Exertional Headaches While Cycling caused by bike racers sprinting
Photo courtesy of TLBVelo Photography at

The Mechanism Behind Exertional Headaches While Cycling

The exact pathophysiology behind exertional headaches while cycling has yet to be fully understood. However, several explanations exist for the pain athletes experience only during or after exercise.


During exercise, blood flow to the brain increases to ensure it receives enough oxygen to keep us moving and thinking straight. Alongside this, there’s also a surge in the amount of CO2 and heat our brains need to eliminate. The rapid expansion of our blood vessels to cope with this change can potentially cause pain.


Other experts believe exertional headaches result from increased pressure within the skull, which in turn affects the blood vessels in the brain. Short-lived spikes in this intracranial pressure brought on by physical exertion cause the enlargement or expansion of veins or arteries. This distention can then activate pain-inducing neurotransmitter pathways and bring about headache symptoms.


Research involving weightlifters has shown that blood pressure can skyrocket during maximal lifts, with systolic readings surpassing 400 mm Hg and diastolic readings exceeding 300 mm Hg. High-intensity cycling sprints place similar demands on our bodies.


Physical activity can lead to increased blood pressure and intracranial pressure of varying degrees, which is why athletes may experience headaches of differing intensity and duration depending on the sport they engage in and the amount of time they perform.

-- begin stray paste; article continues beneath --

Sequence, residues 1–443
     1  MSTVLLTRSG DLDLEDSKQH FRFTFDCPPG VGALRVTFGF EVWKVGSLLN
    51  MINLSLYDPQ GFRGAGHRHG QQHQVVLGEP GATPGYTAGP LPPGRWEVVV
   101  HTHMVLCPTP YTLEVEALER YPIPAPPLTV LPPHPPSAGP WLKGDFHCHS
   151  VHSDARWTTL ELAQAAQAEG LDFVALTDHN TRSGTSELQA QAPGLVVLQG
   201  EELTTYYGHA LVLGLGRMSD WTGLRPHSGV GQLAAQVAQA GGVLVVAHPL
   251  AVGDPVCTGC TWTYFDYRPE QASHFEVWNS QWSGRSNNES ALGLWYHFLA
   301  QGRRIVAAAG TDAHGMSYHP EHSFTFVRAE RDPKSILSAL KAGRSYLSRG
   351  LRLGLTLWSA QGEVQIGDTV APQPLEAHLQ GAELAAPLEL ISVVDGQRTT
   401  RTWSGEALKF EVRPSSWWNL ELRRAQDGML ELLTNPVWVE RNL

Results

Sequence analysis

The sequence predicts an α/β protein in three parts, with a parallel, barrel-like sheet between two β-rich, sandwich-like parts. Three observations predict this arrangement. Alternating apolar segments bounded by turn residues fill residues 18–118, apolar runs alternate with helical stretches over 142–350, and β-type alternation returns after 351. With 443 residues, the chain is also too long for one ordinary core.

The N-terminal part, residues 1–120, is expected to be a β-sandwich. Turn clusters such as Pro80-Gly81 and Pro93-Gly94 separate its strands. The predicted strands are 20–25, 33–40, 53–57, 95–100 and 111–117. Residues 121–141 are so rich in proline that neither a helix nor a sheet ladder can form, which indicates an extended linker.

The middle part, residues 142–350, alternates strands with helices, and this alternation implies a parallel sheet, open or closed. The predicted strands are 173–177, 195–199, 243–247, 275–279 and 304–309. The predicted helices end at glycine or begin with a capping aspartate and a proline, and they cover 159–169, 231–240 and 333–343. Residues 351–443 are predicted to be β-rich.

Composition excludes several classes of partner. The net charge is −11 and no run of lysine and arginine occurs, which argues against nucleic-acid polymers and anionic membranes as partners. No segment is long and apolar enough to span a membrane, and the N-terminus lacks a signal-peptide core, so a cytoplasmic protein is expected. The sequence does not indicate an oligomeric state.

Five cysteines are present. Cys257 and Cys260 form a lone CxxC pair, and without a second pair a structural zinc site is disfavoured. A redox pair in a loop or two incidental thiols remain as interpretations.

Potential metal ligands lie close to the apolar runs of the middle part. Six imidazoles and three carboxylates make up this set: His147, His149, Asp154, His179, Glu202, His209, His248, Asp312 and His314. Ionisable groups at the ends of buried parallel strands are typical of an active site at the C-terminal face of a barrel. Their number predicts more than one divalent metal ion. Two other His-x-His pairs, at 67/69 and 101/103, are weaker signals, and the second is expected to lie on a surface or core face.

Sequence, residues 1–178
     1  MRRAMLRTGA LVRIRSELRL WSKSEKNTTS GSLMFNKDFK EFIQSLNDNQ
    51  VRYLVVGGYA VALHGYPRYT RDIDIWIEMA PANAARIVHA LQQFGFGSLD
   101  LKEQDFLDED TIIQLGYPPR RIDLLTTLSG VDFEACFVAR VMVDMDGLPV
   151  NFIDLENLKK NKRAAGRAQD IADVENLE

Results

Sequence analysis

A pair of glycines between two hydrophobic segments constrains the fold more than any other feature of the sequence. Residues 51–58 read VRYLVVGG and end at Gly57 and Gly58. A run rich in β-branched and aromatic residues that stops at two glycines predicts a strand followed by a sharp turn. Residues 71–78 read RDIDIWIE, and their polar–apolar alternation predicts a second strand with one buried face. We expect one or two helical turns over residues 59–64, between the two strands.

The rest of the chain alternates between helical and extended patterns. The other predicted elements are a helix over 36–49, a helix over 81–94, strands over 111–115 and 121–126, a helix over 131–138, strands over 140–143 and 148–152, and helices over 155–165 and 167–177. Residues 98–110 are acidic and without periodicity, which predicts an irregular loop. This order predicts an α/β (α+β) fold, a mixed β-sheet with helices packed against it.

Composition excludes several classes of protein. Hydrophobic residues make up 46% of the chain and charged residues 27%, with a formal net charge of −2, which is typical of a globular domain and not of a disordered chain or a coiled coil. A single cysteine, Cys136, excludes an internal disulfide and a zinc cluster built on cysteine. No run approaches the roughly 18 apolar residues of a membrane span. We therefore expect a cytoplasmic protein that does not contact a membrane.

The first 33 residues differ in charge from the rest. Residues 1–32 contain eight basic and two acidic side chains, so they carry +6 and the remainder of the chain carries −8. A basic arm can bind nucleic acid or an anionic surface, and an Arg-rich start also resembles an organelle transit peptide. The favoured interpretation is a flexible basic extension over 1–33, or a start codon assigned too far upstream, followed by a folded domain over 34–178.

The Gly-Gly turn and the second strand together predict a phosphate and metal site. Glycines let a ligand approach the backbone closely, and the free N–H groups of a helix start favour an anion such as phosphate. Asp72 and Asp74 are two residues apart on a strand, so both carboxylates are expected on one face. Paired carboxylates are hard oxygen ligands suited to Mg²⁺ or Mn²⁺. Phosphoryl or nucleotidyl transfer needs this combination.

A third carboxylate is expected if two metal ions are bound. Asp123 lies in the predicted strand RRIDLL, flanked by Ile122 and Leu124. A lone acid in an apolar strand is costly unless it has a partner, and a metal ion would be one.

What Should You Do If You Get An Exertional Headache While Cycling?

Primary exercise headache isn’t the result of an underlying condition or disorder. If exercising leads to a headache, it’s crucial to consult your doctor to eliminate the possibility of severe latent problems—especially if these symptoms are new and if your healthcare provider hasn’t previously evaluated for an exertional headache while cycling.


Your doctor will carry out a clinical examination and may conduct tests to rule out potential underlying causes. The analysis could involve brain and blood vessel imaging to rule out conditions like a brain tumor, a lesion obstructing the flow of spinal fluid, a brain hemorrhage, or an issue with the blood vessels in and around the brain.


Those suffering from exercise-induced headaches may also undergo an evaluation for cardiovascular risk factors to exclude heart disease (cardiac cephalalgia) as a cause for their headaches. Ruling out this cause becomes particularly important if the pain from the exercise-induced headache spreads to or originates from the neck or jaw. Potential cardiovascular risk factors include a history of heart attacks, coronary artery disease, diabetes, hypertension, high cholesterol, obesity, and smoking.

Man riding a bike with a pain face
Photo courtesy of TLBVelo Photography at

Exertional Headaches While Cycling: Causes

Every individual has a unique anatomy and physiology. Hence, for some, exercise’s additional demands on their circulatory system might be enough to trigger a headache. For others, certain conditions or environments may contribute to exertional headaches while cycling. 

Here are a few key factors:

Exercising in hot weather: